Zurich voters strongly reject lowering the voting age to 16

Zurich voters have rejected a referendum proposal to lower the voting age to 16 within the canton by a two-thirds majority, seemingly extinguishing the plan’s hopes at a federal level.

A voter casts their ballot in the Swiss canton of Zurich. Photo: SEBASTIAN DERUNGS / AFP
A voter casts their ballot in the Swiss canton of Zurich. Photo: SEBASTIAN DERUNGS / AFP

On Sunday, Zurich voters had the chance to see the canton become just the second in Switzerland to lower the voting age to 16. 

The proposal was however roundly rejected, with 64.8 percent of voters saying no. 

Almost every municipality in the entire canton of Zurich was against the proposal, other than Winterthur Altstadt and a handful of electorates in the centre of Zurich city. 

Despite the vote focusing on suffrage for 16 year olds, only those aged 18 and over were permitted to vote. 

Generally speaking, younger people vote less regularly than the average in Switzerland. Less than one in three people aged 18 to 29 take part in elections regularly, compared with 45 percent of the broader population.

A consequence of the change in Glarus saw a greater adoption of progressive policies, including those focused on reducing environmental damage and climate change.

Is the proposal now dead at a federal level? 

The proposal’s supporters largely sit on the left side of Swiss politics, with the Greens being some of the most prominent advocates. 

As Zurich’s electorate is far more progressive than the rest of the country, it is likely the proposal is dead in the water. 

Other cantons have already rejected a similar move, including Uri and Neuchâtel, while Glarus approved a change in 2007. 

At this stage, it is unlikely the proposal even sees a vote at a federal level. 

Referendum: Zurich to vote on lower voting age

Andrea Caroni, from the Council of States representing Appenzeller Ausserrhoden, said the proposal raised a range of other issues and he doubts the proposal would even reach a federal vote.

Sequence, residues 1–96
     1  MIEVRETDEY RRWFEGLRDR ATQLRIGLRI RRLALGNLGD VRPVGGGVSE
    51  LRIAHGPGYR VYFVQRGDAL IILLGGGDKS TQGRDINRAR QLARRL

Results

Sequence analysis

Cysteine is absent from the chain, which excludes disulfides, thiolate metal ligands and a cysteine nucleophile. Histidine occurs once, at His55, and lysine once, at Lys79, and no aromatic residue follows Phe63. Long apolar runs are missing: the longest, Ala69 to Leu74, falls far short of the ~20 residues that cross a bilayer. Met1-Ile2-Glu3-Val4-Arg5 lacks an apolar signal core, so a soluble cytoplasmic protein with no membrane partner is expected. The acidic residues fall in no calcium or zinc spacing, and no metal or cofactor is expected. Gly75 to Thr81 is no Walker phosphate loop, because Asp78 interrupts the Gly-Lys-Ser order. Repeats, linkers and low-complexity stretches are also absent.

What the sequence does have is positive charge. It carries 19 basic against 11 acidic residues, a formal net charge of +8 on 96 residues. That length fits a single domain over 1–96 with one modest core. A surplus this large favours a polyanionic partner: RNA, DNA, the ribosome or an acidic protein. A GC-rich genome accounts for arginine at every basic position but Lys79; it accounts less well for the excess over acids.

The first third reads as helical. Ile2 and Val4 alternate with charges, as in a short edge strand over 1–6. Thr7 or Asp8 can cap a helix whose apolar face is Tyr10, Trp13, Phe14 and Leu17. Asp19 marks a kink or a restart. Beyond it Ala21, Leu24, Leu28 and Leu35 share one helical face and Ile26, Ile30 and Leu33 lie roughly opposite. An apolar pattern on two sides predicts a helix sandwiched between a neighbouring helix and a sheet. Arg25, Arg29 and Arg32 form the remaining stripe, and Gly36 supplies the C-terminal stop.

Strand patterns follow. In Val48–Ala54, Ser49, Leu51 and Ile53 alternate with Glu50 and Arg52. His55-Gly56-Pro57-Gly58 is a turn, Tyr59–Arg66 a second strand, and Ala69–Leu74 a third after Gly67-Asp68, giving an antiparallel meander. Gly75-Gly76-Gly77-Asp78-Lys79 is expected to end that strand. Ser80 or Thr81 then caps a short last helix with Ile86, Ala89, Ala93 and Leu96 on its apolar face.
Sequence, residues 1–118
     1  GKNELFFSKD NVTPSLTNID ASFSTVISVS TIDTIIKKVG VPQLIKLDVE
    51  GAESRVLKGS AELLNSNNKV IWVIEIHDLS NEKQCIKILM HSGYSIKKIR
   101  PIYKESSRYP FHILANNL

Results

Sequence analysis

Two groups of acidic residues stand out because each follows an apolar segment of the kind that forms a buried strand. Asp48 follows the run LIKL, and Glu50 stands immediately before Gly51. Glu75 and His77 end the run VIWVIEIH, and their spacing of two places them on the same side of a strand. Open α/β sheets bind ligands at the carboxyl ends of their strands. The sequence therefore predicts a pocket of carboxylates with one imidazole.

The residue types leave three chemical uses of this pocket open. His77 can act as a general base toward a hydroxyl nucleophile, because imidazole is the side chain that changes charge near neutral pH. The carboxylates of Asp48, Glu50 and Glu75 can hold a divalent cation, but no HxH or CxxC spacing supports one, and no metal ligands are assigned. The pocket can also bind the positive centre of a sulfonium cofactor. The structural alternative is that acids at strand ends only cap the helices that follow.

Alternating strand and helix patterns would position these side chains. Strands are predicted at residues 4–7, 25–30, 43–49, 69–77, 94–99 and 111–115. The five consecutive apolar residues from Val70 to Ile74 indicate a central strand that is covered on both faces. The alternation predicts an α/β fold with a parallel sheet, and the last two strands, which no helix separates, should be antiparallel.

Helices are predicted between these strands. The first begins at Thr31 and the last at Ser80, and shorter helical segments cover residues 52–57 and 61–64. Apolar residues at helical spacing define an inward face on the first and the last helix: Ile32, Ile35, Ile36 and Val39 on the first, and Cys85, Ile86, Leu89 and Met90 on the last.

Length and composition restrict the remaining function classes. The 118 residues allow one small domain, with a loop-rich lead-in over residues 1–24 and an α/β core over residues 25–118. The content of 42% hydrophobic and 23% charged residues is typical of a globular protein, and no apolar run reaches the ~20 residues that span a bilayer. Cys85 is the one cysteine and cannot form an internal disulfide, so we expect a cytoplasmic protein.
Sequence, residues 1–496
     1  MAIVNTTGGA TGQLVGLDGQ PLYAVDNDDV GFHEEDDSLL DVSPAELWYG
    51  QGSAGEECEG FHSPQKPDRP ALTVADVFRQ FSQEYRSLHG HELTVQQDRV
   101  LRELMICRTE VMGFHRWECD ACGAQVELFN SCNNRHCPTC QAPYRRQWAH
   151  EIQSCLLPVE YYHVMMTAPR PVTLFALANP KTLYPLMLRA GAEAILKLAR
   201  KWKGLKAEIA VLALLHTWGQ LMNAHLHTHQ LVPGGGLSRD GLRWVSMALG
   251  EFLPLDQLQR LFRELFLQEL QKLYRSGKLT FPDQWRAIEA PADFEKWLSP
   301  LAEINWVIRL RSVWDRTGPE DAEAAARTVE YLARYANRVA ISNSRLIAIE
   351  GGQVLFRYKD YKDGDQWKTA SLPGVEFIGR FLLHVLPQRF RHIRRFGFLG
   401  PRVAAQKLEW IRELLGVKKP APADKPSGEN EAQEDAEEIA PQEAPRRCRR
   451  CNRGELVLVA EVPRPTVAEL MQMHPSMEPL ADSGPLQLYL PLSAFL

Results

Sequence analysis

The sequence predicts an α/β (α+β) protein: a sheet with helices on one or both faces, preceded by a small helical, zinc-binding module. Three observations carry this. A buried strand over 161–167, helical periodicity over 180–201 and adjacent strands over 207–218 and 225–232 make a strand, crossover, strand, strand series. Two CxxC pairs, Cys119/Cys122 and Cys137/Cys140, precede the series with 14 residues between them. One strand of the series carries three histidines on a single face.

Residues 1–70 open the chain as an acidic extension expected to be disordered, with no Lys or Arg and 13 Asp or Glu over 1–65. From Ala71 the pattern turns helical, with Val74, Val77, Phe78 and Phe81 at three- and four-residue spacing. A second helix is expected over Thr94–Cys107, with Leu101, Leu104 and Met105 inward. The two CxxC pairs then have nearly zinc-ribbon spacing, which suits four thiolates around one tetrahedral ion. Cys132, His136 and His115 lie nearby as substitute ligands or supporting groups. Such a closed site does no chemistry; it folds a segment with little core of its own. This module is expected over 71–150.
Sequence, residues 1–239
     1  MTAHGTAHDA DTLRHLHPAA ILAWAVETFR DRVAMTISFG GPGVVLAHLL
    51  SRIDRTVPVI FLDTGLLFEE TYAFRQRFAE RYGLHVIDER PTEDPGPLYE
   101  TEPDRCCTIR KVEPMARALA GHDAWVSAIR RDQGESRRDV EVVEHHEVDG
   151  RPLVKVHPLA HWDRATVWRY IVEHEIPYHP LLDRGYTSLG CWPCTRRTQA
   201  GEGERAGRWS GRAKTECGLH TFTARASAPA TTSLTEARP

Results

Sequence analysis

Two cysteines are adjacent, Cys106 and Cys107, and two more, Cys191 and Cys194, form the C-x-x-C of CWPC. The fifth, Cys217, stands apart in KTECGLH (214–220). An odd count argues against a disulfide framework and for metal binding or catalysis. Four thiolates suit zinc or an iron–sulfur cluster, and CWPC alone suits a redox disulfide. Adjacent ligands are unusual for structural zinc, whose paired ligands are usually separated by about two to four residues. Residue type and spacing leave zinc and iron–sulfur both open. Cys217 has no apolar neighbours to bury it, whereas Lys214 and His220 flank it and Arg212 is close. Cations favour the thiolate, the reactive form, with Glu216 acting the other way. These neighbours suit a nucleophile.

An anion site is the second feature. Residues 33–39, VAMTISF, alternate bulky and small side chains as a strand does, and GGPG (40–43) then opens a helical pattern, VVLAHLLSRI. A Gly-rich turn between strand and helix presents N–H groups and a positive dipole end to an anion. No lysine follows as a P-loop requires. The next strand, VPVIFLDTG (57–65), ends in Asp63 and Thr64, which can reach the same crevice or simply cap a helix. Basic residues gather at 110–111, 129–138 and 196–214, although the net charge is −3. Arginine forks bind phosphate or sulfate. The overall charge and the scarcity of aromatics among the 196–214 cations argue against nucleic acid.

“Only one canton has said yes so far.” 

“One would have to be consistent: if one wanted to lower the voting age, the age of consent would also have to be reduced.”

Mathias Zopfi, from the Greens, said that while it was unlikely the proposal would be successful at a federal level, it should still be put to a vote at a national level. 

“The fact that the people of Zurich are against lowering the voting age does not increase the chances.” 

“(However) we don’t have to be afraid of democracy. If Switzerland says no to lowering the voting age, then they say no.”

Switzerland approves all federal proposals

Swiss voters on Sunday accepted all three legislative proposals put forth by the Federal Council — the organ donation, Lex Netflix and Frontex.

Swiss law requires a referendum when a proposal for a law change made by the government is opposed by enough voters. 

With all three initiatives proposed by the government solidly backed by the voters, “the authorities won everything this Sunday”, commented The Tribune de Genève.

More information is available at the following link. 

REACTION: How Switzerland responded to Sunday’s referendum results

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Zurich mandates organic food for hospitals, schools and cafeterias

Hospitals, schools, canteens and a range of other venues in Zurich will need to ensure the majority of their food is organic, after the council passed an initiative.

Zurich mandates organic food for hospitals, schools and cafeterias

The initiative, passed on Wednesday by 71 votes to 41, stipulates that at least 50 percent of the offerings must be organic. 

It applies to retirement and care centres, hospitals, day care centres, schools, canteens and cafeterias. 

QUIZ: Would you pass Zurich’s Swiss citizenship test?

Environment and Health Director Andreas Hauri acknowledged that there may be some problems in converting over to organic food, but said he was “convinced we can still increase the proportion”. 

The city said it will now begin to examine how it can boost the proportion of organic foods to the required levels. 

The city’s nutrition strategy already calls for a greater amount of food from the surrounding region, but had previously been silent on the amount of organic food that should be included. 

While the initiative passed, there was some opposition from the right-wing Swiss People’s Party (SVP). 

The SVP said the change was “far removed from decency and reality”, arguing that it sent the wrong signals to developing countries. 

READ MORE: Will Switzerland be able to feed itself in the future?

The initiative is “an affront to people in poor countries who do not know how to feed themselves” said the SVP’s Johann Widmer. 

The Free Democratic Party (FDP) also opposed the change, saying it was unclear how the new standards would be implemented. 

Martina Zürcher asked how the 50 percent requirement should be measured. 

“In kilograms? In francs?” she said.